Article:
2. Exchange 2010 setup

If you are requesting Freebusy for a user of a remote domain named, Exchange will make a DNS request for

To forward the requests to the Cloudiway platform, the DNS query must resolve to the IP address of Cloudiway.
Therefore, in every Exchange 2010 server, you will have to edit the host file and point to the IP provided by Cloudiway.
Requests will then be forwarded to Cloudiway.
However, traffic is encapsulated into SSL / TLS connections.
Exchange will send an HTTPS request to the server named

For Cloudiway to answer properly, Cloudiway needs to own a valid certificate for with its associated private key.
There is also a technical limitation where there can be only one SSL certificate installed per server.

Indeed, when Exchange (acting as a client) will open an SSL connection to Cloudiway, Cloudiway doesn’t know which server name Exchange is trying to connect to and cannot select among different certificates.
Therefore, only one certificate per server in the farm can be installed and when Exchange will connect to the server pointed by, Cloudiway will return the certificate for this server name.

This is the reason why plugging an Exchange 2010 server requires a dedicated server on Cloudiway side (a server that “hosts” the relevant certificate).
If you have several domains that you want to be able to query the Freebusy, you will need as many certificates and as many dedicated servers as you have domains.

This might become quickly costly and if you are in this scenario, you may want to envisage an upgrade to Exchange 2013 or later to bypass this limitation and costs.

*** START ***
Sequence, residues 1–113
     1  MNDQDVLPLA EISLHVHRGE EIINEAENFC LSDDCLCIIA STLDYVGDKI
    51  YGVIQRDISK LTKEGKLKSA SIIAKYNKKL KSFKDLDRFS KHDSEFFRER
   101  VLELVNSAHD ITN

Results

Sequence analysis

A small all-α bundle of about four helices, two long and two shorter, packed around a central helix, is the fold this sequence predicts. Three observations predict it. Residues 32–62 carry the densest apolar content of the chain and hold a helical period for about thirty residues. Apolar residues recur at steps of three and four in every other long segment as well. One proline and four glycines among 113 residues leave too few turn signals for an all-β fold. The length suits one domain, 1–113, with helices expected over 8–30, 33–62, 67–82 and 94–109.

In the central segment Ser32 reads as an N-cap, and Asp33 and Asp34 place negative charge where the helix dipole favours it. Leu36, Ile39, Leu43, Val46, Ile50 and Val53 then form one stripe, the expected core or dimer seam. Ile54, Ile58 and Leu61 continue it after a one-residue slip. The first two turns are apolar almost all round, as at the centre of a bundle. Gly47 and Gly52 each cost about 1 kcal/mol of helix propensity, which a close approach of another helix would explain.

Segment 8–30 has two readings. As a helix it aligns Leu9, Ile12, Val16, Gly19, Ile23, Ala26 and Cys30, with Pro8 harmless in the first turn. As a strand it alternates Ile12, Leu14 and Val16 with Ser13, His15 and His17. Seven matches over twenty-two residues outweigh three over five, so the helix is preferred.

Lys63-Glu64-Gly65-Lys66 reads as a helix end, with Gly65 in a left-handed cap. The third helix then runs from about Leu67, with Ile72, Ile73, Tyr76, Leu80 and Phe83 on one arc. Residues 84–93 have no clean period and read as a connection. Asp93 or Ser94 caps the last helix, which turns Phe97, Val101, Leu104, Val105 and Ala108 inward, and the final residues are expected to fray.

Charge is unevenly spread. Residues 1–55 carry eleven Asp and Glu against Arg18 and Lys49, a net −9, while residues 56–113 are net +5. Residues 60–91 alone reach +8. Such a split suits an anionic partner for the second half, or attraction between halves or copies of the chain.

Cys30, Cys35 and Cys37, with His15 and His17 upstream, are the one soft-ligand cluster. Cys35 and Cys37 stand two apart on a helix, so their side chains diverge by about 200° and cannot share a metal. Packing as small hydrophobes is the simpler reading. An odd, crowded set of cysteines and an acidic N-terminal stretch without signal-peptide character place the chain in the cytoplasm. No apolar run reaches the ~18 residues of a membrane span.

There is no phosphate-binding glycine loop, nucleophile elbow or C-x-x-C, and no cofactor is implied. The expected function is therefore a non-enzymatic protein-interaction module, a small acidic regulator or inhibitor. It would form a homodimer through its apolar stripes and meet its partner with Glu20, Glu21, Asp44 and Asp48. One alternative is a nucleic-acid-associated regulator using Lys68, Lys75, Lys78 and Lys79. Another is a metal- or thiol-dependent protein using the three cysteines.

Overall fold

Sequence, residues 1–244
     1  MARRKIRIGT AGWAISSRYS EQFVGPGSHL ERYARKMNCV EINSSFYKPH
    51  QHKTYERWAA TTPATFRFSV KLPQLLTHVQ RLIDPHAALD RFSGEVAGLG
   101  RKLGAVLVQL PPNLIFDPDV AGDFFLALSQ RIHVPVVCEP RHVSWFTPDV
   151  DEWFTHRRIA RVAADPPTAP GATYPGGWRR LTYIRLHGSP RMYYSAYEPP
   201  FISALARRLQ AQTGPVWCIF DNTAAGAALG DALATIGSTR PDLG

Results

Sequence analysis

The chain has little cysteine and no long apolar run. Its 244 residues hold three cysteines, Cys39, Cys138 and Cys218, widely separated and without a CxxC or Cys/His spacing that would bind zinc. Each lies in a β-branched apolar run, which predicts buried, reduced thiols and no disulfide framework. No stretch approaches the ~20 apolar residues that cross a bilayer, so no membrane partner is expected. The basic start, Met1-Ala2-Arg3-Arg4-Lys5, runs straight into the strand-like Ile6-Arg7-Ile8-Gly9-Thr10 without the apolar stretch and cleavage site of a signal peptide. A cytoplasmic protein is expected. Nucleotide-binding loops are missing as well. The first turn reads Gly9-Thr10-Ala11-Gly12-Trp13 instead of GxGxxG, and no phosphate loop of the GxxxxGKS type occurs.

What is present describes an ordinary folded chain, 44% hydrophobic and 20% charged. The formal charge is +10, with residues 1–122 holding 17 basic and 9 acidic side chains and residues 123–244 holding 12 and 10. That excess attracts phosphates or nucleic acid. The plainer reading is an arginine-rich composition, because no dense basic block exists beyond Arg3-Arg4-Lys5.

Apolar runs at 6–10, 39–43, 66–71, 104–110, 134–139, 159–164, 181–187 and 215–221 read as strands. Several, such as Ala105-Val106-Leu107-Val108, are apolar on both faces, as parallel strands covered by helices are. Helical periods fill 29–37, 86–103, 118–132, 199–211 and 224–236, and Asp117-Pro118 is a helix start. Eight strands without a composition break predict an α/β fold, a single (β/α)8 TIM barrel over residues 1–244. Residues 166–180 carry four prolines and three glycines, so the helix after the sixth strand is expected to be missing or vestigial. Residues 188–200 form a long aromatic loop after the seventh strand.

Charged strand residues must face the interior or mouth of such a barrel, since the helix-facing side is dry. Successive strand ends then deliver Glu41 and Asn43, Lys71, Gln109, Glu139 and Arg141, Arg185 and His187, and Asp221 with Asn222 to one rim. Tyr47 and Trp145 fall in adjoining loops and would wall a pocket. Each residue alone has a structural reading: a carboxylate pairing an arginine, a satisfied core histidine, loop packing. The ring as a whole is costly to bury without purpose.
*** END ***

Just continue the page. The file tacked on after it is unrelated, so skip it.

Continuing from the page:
3. Freebusy proxy server configuration

This article explains how to configure Exchange On-Premises to use your proxy server when querying free/busy.

3.1 Background

The Microsoft Exchange Availability service provides free/busy information to clients that are running Outlook or OWA. Free/busy requests are sent to the CAS server of the user which forwards the request to its Availability Service.

This service is hosted in IIS (Internet Information Server).

3.2 Problem

By default, the Availability Service doesn’t use the proxy settings of the system (IE settings).

Therefore, free/busy requests sent to external systems are not forwarded to the proxy and do not reach the internet targets (ie the Cloudiway server).

3.3 Resolution

Both Exchange 2013 and Exchange 2010 require specific proxy configuration if the EWS URLs are only available on the Internet through a proxy.
The only way to configure it is to edit the web.config file used by the application.
Although the easiest approach would be to make the change in the Exchange web.config file, your changes might be overwritten by patches, cumulative updates or service packs. One way to avoid this is to configure the proxy settings in the root web.config instead of the Exchange Backend EWS web config.

The System.Net XML node is not in the file by default and will need to be added at the same level as <system.web> as shown on the next page.
Example of syntax for Exchange file.

Location: C:\Program Files\Microsoft\Exchange Server\V15\ClientAccess\exchweb\ews\web.config

			usesystemdefault = "false"
			proxyaddress = "http://proxyserver:port/"
			bypassonlocal = "true"
			<add address="http://[a-z]+/.contoso/.com$" />
3.4 Note on the Bypasslist node

Once you have made this change, every call processed by the Availability Service will be sent to the proxy.

You can use the bypasslist node to define which requests should be sent directly (and not through the proxy).

Local servers must be represented by using regex syntaxes. See:

Based on the MSDN article, we need to add the domain in regex format too. Some samples are below:

Syntax: <bypasslist> Element

That means for all the servers in


For the *.* you might add:


For the *.* you might add